Erosion reveals steep slopes hiding massive ice deposits on Mars

Planetary scientists say a new analysis of data shows that thick ice sheets hide just below parts of the surface of Mars

Planetary scientists say a new analysis of data shows that thick ice sheets hide just below parts of the surface of Mars

Colin Dundas of the U.S. Geological Survey is lead author of the study. "A check of the surface temperature using Odyssey's Thermal Emission Imaging System (THEMIS) camera helped researchers determine they're not seeing just thin frost covering the ground", explains NASA on their website.

The ice sheets extend from just below the surface to a depth of 100 meters or more and appear to contain distinct layers. However, ice does reside below the surface. "Our research may be useful information but it will be up to them to determine how to use it".

Elon Musk, chief executive of SpaceX, has also discussed plans for private manned missions to Mars. As they continue scanning the surface of Mars for other regions with ice, they hope to compare the conditions of differing regions to get a better understanding of how each spot is unique.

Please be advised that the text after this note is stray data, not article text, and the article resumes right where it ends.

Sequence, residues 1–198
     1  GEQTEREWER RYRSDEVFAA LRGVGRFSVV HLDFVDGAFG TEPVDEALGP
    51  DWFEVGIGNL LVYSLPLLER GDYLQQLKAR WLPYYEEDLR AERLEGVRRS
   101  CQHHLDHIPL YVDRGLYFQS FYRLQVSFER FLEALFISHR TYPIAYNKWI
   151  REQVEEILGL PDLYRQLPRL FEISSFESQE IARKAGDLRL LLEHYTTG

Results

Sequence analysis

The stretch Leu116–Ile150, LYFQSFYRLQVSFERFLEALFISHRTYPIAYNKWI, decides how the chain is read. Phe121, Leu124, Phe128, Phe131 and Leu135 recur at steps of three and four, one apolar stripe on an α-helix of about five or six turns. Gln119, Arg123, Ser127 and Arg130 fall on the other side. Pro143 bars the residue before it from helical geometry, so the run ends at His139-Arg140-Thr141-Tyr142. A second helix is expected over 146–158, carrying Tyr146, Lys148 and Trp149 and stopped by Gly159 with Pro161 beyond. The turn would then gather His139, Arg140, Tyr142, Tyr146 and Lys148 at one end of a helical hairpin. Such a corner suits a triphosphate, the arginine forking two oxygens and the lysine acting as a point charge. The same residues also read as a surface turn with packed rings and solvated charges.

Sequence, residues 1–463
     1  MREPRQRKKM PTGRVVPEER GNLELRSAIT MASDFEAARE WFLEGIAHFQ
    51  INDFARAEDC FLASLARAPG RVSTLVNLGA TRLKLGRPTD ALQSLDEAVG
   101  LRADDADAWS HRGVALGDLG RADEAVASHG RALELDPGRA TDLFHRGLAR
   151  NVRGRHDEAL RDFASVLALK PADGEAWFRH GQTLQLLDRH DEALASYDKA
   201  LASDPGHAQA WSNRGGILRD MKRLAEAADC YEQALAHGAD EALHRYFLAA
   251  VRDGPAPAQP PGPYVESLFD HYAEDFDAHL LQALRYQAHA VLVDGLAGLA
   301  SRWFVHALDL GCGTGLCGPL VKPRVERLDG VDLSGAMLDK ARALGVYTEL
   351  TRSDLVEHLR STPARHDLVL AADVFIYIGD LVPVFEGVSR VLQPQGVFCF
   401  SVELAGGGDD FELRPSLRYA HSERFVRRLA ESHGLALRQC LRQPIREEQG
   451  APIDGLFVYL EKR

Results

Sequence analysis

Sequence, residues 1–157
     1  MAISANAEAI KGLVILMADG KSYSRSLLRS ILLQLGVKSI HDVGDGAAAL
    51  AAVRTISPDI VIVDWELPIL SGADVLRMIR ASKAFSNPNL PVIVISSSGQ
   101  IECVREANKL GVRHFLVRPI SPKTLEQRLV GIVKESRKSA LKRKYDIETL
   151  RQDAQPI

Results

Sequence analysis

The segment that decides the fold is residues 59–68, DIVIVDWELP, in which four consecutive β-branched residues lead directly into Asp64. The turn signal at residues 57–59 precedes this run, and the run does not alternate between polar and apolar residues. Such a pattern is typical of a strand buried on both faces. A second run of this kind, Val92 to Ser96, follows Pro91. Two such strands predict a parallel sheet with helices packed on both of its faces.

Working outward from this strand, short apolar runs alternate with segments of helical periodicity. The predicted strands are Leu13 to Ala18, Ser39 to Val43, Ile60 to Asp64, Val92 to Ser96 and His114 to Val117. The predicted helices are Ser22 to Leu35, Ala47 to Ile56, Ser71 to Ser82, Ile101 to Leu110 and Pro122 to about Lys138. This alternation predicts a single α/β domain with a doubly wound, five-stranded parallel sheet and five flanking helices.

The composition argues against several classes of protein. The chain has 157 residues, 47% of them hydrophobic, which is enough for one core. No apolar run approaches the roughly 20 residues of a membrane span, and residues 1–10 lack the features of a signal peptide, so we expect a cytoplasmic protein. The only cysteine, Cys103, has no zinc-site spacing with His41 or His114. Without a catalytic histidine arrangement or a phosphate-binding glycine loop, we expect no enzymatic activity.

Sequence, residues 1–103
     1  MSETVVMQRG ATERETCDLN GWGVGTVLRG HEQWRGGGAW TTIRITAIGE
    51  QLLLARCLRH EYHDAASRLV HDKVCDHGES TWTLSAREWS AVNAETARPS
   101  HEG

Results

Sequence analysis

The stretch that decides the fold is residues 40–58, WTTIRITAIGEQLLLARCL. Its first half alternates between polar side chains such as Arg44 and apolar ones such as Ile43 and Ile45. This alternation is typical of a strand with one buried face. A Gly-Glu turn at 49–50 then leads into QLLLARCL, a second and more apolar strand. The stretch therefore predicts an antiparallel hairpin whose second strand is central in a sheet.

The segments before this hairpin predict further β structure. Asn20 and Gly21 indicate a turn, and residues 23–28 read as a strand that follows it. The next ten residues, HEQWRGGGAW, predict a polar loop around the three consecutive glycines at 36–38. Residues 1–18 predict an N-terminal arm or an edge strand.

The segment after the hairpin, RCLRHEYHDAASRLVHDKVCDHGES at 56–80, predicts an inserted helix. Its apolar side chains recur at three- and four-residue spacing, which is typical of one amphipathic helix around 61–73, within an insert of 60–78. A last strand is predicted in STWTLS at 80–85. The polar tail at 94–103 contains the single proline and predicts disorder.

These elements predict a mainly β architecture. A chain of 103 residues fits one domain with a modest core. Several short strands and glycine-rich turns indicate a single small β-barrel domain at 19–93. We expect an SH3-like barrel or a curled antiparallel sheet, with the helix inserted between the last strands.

"The discovery reported today gives us surprising windows where we can see right into these thick underground sheets of ice", Byrne said.

"And it also provides an opportunity I'd say in the exploration of Mars to use this water ice as a possible resource for water, for astronauts [and] for experiments".

"The ice is a critical target for science and exploration", Dundas said.

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According to Zurek, who is an MRO project scientist but did not participate in the new study, the newly-identified sites with water-ice are in the higher latitudes of Mars, meaning that sunlight and temperatures in those areas go through extreme swings throughout the year.

The "game-changing" discovery could be vital to human explorers in the future, reported the United States journal Science yesterday. That implies that the deposits built up over many seasons as layers of snow were compressed in a previous climate cycle, says Susan Conway, a planetary geologist at the University of Nantes in France.

The new study suggests that the ice built up over time, much the same way that Earth's glaciers and ice sheets came to be.

Mars clearly had a watery past, and it's expected that much of the water is still on the planet. These scarps are thought to be formed by a process called sublimation, where ice is lost to the atmosphere by transformation into water vapor without ever turning into liquid.

The ice deposits likely originated as snowfall during Mars' high-obliquity periods and have now compacted into massive, fractured, and layered ice. The water could be used for drinking and potentially conversion into oxygen to breathe.

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